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After studying at Manchester University Leslie Martin taught at the University of Hull. In 1937 he co-edited with Ben Nicholson and Naum Gabo the journal Circle that reviewed avant-garde abstract art and architecture.
During the Second World War Martin was assigned to the pre-nationalisation Railway companies to supervise re-building of bomb damaged regional rail stations. In this capacity Martin developed pre-fabricated designs to speed construction. Following the war Martin was made a Deputy Architect to the London County Council and in 1948 Hugh Casson selected him to lead the design team for the Royal Festival Hall the most prestigious building project of the Festival of Britain. In part in recognition of his achievement Martin was made Chief Architect of the LCC in 1953 and used his position to promote emerging younger architects Colin St. John Wilson, James Stirling, and Alison and Peter Smithson. Martin was involved initially in the Brunswick Centre with Patrick Hodgkinson, an early experiment in planned mixed-use development in Bloomsbury that was partially completed. The 1950s also saw the creation of the Loughborough Estate in Brixton, South London, designed by Leslie Martin.
From 1956 Martin was made head of the Architecture School at Cambridge University where Colin St. John Wilson was his assistant. Martin with Wilson completed a number of academic buildings including halls of residence Harvey Court for Gonville and Caius College, one of the most important examples of brick brutalism, and the William Stone Building for Peterhouse; and the St. Cross faculty libraries, St Cross Road, for Oxford University. Martin was also the masterplanner for Leicester University. One of his later projects was an extension to Kettle's Yard Art Gallery to house the works of Ben Nicholson, Barbara Hepworth and others.
In the 1960s the British government commissioned Martin to draw plans for a wholesale demolition and redevelopment of the area between St. James's Park and the Thames Embankment in London. This would have involved the demolition of most of the Victorian and Edwardian government offices (the Foreign Office, the Commonwealth Office, the old Home Office, etc.) in Whitehall, which were then scheduled for demolition, and left the famous Inigo Jones-designed Banqueting Hall as a traffic island and the original Scotland Yard building enveloped in the middle of a courtyard of offices. The plans met with determined opposition from the public and conservation groups, especially the Victorian Society, and their implementation was delayed. The Heath Government eventually formally abandoned Sir Leslie's plan in 1971. The existing buildings were subsequently restored and opened to the public.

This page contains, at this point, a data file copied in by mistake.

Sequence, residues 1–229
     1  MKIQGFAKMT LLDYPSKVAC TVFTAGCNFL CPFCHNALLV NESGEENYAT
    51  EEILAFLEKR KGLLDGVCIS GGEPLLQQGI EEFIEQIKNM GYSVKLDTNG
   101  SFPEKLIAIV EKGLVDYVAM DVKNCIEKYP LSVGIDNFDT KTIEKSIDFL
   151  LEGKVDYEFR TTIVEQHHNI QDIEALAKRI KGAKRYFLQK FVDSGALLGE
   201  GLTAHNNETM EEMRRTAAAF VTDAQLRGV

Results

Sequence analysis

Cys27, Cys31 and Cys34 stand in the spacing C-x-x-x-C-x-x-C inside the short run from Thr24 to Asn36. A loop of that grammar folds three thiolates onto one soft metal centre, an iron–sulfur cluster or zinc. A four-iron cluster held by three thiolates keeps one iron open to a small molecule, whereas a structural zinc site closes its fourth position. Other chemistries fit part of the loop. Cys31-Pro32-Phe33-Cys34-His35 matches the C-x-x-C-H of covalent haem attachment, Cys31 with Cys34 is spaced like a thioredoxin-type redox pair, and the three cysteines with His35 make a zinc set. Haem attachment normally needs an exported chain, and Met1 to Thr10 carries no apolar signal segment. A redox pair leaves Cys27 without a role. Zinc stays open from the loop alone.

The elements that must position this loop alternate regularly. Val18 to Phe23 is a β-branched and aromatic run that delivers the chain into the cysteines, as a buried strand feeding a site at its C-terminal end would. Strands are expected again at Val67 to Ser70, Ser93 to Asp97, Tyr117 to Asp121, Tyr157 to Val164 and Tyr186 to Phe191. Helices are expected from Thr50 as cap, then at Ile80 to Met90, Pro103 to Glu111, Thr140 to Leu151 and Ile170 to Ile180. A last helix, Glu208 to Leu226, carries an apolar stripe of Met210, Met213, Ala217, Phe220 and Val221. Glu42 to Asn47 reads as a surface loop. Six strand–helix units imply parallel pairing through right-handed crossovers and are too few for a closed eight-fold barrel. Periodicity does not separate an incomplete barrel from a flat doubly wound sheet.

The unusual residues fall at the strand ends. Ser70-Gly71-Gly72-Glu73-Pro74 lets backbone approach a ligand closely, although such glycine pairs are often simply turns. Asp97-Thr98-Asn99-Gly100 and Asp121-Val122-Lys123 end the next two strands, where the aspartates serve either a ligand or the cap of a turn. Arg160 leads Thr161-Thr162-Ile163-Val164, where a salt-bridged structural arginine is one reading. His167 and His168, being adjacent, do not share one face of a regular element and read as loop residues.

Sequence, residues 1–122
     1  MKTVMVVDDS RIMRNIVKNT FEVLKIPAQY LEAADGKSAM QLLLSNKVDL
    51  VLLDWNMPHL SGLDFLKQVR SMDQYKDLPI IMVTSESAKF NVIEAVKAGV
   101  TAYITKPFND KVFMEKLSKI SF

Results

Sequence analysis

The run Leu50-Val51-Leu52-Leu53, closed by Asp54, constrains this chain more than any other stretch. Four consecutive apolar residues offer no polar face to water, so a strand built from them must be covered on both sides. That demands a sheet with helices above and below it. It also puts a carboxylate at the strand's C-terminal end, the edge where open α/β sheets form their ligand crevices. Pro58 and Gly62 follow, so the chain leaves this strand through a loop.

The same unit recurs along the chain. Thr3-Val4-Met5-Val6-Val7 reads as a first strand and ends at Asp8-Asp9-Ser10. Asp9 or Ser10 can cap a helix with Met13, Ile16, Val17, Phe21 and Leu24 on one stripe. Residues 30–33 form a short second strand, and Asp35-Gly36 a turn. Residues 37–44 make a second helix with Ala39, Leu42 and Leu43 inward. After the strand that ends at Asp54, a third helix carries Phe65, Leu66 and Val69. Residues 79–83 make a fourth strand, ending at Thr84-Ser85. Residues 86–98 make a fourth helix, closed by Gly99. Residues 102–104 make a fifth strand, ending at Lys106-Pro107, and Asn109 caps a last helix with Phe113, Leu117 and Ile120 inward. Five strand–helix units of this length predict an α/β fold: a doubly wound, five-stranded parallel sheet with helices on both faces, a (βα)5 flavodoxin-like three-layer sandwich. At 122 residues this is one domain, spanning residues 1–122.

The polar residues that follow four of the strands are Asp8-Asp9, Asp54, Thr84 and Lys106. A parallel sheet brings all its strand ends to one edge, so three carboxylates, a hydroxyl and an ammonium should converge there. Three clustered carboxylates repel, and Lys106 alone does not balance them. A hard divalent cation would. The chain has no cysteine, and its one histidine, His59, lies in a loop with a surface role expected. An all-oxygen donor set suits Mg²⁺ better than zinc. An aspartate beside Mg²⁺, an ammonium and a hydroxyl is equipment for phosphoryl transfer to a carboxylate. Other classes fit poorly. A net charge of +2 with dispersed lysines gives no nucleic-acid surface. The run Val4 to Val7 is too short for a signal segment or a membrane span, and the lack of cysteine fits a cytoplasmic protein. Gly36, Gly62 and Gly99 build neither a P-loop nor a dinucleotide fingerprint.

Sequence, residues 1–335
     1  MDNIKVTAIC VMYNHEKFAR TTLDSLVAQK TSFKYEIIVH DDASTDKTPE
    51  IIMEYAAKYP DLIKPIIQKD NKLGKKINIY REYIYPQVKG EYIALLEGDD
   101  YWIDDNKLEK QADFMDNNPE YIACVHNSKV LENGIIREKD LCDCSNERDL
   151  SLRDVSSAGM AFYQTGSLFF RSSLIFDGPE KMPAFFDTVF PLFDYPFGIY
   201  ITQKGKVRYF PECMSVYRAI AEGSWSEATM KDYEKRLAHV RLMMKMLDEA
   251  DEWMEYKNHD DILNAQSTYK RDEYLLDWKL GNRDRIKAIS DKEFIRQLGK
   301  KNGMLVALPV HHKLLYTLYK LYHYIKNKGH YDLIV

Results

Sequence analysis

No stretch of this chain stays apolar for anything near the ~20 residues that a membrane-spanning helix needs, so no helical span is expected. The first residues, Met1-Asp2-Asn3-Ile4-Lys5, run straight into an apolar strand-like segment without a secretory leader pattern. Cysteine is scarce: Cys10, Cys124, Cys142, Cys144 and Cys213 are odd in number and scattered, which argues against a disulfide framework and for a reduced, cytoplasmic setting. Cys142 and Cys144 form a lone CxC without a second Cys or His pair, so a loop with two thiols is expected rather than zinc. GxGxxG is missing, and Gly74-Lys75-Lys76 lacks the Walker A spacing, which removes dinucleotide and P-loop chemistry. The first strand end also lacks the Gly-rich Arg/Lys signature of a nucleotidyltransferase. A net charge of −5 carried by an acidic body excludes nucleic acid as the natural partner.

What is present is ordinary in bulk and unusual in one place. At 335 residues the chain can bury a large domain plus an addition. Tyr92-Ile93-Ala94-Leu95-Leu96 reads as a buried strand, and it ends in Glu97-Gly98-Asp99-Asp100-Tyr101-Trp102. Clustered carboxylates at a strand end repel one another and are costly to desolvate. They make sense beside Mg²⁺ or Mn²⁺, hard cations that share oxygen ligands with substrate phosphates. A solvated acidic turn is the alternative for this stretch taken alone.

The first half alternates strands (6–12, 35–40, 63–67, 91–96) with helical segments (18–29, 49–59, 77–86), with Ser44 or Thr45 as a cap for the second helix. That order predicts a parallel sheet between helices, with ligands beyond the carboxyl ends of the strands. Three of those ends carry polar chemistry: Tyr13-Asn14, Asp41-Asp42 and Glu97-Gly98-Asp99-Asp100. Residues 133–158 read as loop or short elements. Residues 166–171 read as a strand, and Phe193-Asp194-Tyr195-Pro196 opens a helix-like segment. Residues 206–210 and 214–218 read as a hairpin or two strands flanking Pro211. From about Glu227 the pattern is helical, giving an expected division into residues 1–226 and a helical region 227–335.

Martin was also responsible for the modernist house Brackenfell (now Grade II listed) in Brampton, Cumbria, built for textile designer and artist Alastair Morton, MD of Edinburgh Weavers. The interior colour scheme was reputedly designed by Ben Nicholson who lived locally when married to Winifred Roberts, daughter of the Earl of Carlisle; and it houses small marble sculpture by Barbara Hepworth and painting by Mondrian who was rescued from war-threatened France by Winifred Nicholson.
- Adolf K. Placzek, Macmillan encyclopedia of architects, Vol. 4, Free Press 1982, ISBN 0-02-925000-5, ISBN 978-0-02-925000-6, p. 112
- Hasan-Uddin Khan, International style: modernist architecture from 1925 to 1965, Cologne: Taschen 1998, p. 230
- "Sir Leslie Martin". Guardian Newspaper. 2 August 2000. Retrieved 15 July 2012.
- "Naum Gabo - bio". Retrieved 15 July 2012.
- "Arthur Jackson Hepworth". Retrieved 15 July 2012.
- "Sir Leslie Martin". Telegraph Newspaper. 1 Aug 2000. Retrieved 15 July 2012.